The riskscape and the color line: examining the role of segregation in environmental health disparities

Environ Res. 2006 Oct;102(2):181-96. doi: 10.1016/j.envres.2006.05.007. Epub 2006 Jul 10.

Abstract

Environmental health researchers, sociologists, policy-makers, and activists concerned about environmental justice argue that communities of color who are segregated in neighborhoods with high levels of poverty and material deprivation are also disproportionately exposed to physical environments that adversely affect their health and well-being. Examining these issues through the lens of racial residential segregation can offer new insights into the junctures of the political economy of social inequality with discrimination, environmental degradation, and health. More importantly, this line of inquiry may highlight whether observed pollution--health outcome relationships are modified by segregation and whether segregation patterns impact diverse communities differently. This paper examines theoretical and methodological questions related to racial residential segregation and environmental health disparities. We begin with an overview of race-based segregation in the United States and propose a framework for understanding its implications for environmental health disparities. We then discuss applications of segregation measures for assessing disparities in ambient air pollution burdens across racial groups and go on to discuss the applicability of these methods for other environmental exposures and health outcomes. We conclude with a discussion of the research and policy implications of understanding how racial residential segregation impacts environmental health disparities.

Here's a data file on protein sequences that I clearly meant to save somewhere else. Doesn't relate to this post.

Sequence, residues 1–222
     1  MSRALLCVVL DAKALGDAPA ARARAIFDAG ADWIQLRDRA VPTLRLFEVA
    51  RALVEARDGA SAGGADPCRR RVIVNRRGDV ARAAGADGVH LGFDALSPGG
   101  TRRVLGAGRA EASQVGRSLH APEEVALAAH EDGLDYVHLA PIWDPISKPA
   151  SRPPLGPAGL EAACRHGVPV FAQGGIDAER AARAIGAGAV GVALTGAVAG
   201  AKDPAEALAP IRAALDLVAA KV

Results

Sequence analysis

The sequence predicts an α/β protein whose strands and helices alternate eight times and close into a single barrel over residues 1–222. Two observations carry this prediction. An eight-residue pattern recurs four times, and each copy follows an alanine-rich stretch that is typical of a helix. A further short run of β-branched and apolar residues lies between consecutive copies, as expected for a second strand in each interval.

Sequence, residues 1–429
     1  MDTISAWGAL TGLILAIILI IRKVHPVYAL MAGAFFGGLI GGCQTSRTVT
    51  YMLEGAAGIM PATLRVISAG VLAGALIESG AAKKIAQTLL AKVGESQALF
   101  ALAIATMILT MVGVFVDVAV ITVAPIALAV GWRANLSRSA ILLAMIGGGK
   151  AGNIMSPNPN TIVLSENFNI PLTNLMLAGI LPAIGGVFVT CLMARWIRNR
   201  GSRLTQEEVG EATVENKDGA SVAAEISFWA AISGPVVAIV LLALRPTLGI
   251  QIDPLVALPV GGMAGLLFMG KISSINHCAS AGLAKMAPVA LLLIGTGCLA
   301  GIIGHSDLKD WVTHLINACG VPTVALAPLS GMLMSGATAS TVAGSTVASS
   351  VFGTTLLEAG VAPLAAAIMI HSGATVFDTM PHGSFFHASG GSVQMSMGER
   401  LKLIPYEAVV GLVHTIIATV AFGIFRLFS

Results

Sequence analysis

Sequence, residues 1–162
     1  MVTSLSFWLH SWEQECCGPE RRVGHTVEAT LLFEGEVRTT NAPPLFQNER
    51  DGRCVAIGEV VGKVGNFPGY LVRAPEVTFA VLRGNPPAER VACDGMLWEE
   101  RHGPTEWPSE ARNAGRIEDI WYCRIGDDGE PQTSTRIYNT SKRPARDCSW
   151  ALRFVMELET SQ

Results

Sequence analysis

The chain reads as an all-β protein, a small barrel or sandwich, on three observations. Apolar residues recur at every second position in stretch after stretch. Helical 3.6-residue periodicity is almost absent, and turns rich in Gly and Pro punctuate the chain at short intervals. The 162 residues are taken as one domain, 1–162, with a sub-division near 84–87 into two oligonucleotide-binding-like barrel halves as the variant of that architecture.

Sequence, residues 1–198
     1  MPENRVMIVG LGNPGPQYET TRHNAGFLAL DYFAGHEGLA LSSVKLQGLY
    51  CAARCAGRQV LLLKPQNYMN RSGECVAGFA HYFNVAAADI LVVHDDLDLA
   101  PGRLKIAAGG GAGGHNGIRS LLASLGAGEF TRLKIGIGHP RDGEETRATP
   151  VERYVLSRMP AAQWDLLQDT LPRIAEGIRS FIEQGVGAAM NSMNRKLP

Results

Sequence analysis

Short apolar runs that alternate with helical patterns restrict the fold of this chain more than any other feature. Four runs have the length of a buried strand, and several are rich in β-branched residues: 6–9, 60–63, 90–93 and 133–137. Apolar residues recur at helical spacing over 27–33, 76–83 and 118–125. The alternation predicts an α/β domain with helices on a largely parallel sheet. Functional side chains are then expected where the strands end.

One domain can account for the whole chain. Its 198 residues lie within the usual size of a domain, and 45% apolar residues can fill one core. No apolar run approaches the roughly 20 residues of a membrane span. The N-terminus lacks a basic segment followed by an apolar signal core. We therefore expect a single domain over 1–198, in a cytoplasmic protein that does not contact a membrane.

Publication types

  • Research Support, U.S. Gov't, Non-P.H.S.

MeSH terms

  • Air Pollution / adverse effects
  • Asthma / etiology
  • Continental Population Groups
  • Environmental Exposure* / adverse effects
  • Environmental Health*
  • Humans
  • Mortality
  • Prejudice*
  • Public Policy
  • Residence Characteristics
  • Socioeconomic Factors*
  • United States